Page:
Secure empty trash or Not

Discussion in 'macOS' started by Heavybarrel, Sep 18, 2014.

  1. Heavybarrel macrumors newbie

    Heavybarrel

    Joined:
    Sep 13, 2014
    #1
    Hi,

    I'm wondering if I should always securely empty the trash bin, or just default empty trash. Emptying the trash securely always seems to take a lot longer than normal. I know that when empty the trash securely, the compressed space is overwritten immediately, but does that even matter?

    Also, why do Mac's take so long to empty the trash, regardless if your emptying it securely or not.
     
  2. Mr. Retrofire macrumors 601

    Mr. Retrofire

    Joined:
    Mar 2, 2010
    Location:
    www.emiliana.cl/en
    #2
    Compressed space?
     
  3. Heavybarrel thread starter macrumors newbie

    Heavybarrel

    Joined:
    Sep 13, 2014
    #3
    In my understanding, when you delete files, they don't just vanish. The mac just compress the files/data, and new data can be written on top of it. Isn't that how it works?
     
  4. Fishrrman macrumors G4

    Joined:
    Feb 20, 2009
    #4
    Whether you need to use the "secure" empty trash or not,
    Depends upon WHAT you're trashing...

    That's about it...
     
  5. Weaselboy Moderator

    Weaselboy

    Staff Member

    Joined:
    Jan 23, 2005
    Location:
    California
    #5
    No, nothing is compressed. The OS just overwrites the space that was used by those files so they cannot be recovered. If you are not particularly concerned about somebody recovering these files, there is no need to do secure empty trash.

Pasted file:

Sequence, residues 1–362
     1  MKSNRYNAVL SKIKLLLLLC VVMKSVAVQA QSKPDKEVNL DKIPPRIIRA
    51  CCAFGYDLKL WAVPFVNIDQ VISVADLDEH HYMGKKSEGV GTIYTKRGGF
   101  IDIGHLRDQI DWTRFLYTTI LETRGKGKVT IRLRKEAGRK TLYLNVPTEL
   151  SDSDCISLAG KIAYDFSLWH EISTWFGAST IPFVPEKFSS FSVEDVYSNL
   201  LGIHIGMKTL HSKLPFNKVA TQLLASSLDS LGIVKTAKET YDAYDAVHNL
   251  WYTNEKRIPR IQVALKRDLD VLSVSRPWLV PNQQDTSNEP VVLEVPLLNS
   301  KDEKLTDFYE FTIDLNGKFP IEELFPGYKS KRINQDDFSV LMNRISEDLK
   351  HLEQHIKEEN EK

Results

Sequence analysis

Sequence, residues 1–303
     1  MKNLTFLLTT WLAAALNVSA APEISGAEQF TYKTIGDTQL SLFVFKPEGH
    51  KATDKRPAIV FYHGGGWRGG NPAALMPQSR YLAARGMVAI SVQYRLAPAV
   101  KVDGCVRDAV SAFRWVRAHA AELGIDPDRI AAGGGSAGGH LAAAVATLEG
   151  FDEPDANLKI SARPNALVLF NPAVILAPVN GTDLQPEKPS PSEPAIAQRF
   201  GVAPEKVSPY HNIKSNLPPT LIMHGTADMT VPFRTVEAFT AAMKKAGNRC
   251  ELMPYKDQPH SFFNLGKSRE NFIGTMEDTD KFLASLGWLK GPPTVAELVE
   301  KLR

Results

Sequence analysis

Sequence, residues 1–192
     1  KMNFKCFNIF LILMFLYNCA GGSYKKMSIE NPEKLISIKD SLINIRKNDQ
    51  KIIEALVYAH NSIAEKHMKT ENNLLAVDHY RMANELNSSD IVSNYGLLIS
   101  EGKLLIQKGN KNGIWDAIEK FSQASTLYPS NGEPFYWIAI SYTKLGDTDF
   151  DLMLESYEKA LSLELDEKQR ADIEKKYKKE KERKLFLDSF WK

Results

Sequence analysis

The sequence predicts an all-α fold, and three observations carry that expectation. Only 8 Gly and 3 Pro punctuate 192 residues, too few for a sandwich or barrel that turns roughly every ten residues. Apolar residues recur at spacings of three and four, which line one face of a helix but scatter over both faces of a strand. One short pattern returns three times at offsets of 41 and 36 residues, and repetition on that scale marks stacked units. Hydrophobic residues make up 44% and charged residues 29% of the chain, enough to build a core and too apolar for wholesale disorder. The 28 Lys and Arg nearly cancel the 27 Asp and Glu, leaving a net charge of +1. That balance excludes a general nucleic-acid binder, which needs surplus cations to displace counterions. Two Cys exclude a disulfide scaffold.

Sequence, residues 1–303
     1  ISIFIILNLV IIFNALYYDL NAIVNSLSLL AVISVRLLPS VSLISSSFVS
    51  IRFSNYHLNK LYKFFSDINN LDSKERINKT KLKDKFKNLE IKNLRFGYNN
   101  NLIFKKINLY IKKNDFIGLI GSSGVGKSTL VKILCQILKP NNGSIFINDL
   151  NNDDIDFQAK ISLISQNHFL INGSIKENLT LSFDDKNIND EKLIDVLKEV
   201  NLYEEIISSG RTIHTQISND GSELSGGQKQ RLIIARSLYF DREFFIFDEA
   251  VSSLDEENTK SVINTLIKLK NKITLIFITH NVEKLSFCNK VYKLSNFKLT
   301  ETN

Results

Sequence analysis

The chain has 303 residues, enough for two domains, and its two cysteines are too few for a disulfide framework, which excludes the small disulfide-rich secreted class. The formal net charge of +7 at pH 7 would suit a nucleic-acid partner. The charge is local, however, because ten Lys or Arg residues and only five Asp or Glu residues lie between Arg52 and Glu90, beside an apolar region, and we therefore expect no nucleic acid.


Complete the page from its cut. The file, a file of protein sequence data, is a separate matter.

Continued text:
6. Heavybarrel thread starter macrumors newbie

    Heavybarrel

    Joined:
    Sep 13, 2014
    #6
    Secure empty trash doesn't give me extra space does it? I mean I will recover the same amount of disk space regardless if i secure empty trash or not, right?
     
  7. Weaselboy Moderator

    Weaselboy

    Staff Member

    Joined:
    Jan 23, 2005
    Location:
    California
    #7
    Yep... same.
     
  8. 556fmjoe macrumors 65816

    556fmjoe

    Joined:
    Apr 19, 2014
    #8
    Regular deletion of files only removes the path to the data. Overwriting the data actually removes it. This what the secure option does. Underneath, it runs the srm tool, though it is a modified version for HFS+ that overwrites both the data fork and the metadata fork.

    If you have a traditional magnetic HDD, overwriting is important for security because it makes recovery of that data nearly impossible by obscuring the patterns written on the platters with random data. Even a single overwrite would take extremely specialized equipment to recover from, if it could be done at all.

    On an SSD, overwriting does little to nothing to improve security if you have TRIM enabled. In that case, a regular delete is very effective. It still isn't enough to ensure total erasure though. Securely erasing data from SSDs is very difficult, maybe even impossible due to wear leveling, garbage collection, and the fact that you cannot access the raw cells directly; you must go through the drive controller first.
     

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